Whether you develop their relationship as friends or as something more, the game normalizes and celebrates both strong female friendship and queerness in a way that feels so validating. To beat around the bush about the queerness that exists in Life is Strange’s universe would serve it no purpose. At times, I feel like the writing of the original game could’ve been stronger if it hadn’t been so hesitant in exploring the clear subtext (at times just straight up text) between Max and Chloe; it’s refreshing and gratifying to see that not be an issue here.
My one issue is that while seeing Chloe and Rachel’s relationship unfold is the most interesting part of Before the Storm, the relationship does feel like it progresses a bit too rapidly. Realistically, the timeline is too short for them to be so close so fast. I do wish there was either another episode or two in order for the pacing to be better, or that the writing could’ve supported a passage of time. Their relationship itself is believable, but the speed with which it has developed feels a bit rushed despite all the substance given to their bond.
In terms of gameplay, "Backtalk" makes a return and, much to my satisfaction, feels like it is used in more plot-crucial moments than in the last episode. The opportunities in which you can use it happen less often, which only contributes to making the ones you do have feel even more important. The animation in this episode is also improved and the graphics allow for some gorgeous colors to often grace your screen.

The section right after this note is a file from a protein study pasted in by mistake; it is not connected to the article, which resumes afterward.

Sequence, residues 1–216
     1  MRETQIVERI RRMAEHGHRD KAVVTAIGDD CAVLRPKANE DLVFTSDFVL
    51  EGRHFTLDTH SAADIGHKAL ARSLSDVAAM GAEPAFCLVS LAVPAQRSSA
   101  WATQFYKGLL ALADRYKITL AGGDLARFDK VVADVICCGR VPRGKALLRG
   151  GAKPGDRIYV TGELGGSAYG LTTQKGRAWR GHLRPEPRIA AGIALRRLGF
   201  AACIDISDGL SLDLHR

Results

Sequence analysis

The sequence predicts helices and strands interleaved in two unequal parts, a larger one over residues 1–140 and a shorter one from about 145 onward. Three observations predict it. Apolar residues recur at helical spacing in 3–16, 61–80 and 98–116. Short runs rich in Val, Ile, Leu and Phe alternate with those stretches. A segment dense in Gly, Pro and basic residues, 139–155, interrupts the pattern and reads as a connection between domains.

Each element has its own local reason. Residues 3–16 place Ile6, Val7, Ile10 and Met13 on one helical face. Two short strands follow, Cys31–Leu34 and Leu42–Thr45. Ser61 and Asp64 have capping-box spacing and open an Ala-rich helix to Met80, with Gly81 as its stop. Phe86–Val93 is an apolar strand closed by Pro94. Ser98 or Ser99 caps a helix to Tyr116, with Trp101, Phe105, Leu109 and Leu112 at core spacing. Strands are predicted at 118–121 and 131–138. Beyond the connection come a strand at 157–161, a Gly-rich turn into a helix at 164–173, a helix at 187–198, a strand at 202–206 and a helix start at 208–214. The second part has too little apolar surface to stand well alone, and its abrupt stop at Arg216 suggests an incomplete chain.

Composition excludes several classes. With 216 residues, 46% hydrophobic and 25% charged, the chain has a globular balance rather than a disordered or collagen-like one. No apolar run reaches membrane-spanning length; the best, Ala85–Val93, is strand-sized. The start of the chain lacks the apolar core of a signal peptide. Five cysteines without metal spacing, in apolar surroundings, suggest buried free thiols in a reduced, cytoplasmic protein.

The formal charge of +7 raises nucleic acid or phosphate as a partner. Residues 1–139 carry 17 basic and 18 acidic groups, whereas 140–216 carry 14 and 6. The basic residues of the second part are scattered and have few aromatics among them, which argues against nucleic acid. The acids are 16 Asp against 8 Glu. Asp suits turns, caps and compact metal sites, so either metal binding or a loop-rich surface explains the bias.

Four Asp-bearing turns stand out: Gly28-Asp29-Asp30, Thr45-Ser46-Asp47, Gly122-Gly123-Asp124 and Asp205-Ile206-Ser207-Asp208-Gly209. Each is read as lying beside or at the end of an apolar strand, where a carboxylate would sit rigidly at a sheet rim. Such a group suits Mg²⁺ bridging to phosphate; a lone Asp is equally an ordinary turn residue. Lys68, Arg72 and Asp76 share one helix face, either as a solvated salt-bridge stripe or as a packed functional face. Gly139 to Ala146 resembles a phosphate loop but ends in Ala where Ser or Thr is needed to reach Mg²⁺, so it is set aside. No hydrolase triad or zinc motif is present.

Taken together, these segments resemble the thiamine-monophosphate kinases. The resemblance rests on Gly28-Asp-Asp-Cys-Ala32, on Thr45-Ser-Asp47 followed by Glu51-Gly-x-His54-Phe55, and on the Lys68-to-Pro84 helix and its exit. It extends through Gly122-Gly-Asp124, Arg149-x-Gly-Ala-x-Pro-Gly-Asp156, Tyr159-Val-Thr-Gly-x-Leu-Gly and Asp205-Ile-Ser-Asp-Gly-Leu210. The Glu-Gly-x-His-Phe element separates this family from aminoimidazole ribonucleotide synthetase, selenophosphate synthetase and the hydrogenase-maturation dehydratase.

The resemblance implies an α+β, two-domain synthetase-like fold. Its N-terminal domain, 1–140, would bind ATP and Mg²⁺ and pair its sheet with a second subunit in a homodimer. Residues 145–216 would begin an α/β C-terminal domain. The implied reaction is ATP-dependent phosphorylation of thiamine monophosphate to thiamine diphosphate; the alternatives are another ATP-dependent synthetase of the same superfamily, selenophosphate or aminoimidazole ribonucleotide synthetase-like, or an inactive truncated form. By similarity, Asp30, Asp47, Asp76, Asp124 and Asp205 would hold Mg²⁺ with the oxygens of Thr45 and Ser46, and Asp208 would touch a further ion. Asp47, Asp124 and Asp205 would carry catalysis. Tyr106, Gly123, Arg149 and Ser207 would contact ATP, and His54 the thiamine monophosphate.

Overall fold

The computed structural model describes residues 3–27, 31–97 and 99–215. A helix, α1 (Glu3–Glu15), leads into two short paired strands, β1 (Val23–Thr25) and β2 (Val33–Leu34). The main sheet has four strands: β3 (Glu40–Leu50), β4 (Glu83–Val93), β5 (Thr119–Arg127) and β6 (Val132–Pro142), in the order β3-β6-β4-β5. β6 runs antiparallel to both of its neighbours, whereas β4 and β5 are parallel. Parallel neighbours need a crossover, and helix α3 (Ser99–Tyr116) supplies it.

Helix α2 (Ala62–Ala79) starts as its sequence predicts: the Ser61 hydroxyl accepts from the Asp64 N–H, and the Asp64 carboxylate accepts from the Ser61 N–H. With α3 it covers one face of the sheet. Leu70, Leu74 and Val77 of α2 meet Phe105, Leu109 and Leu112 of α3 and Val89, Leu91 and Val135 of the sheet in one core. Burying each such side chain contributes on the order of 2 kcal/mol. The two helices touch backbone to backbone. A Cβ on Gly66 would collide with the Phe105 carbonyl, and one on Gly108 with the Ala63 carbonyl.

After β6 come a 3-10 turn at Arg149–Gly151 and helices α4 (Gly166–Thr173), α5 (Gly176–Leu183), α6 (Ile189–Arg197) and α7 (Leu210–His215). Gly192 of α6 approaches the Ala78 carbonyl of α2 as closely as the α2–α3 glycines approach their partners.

Lastly, to no one's surprise, the episode has excellent sound. The entire cast seems to have fully warmed up to their roles because all the performances are consistently great. Rachel's voice actress is a stand out; she is what makes Rachel feel so charming, and her performance during the last scene of the episode is strong enough to have made me tear up. Joyce's voice actress also does a fantastic job at capturing Joyce's pain as a mother trying to create peace between the two people she loves most. The soundtrack for this episode, as has been the case with every episode in this series, beautifully accentuates the atmosphere and emotions of every scene.
It’s hard to imagine how some major things—the wildfire, the problems occurring under the Amber household, Rachel and Chloe’s reckless plans to leave Arcadia Bay—will be handled in the final episode. I had a similar feeling of uncertainty and nervousness while waiting for the finale of the original season. While the original Life is Strange is one of my favorite games, I still have a bitter taste in my mouth from the disappointing ending. Here’s hoping that Before the Storm nails its final episode as well as it has done with every episode thus far. Episode two has few flaws, for everything that I love from the previous episode is just as great here. With its fleshed out characters, generally stellar writing, and an amazing soundtrack, I believe that Before the Storm has what it takes to burn brightly until the very end rather than to fizzle out.
Versions tested: PC
Disclaimer: A copy of this game was provided to RPG Site by the publisher.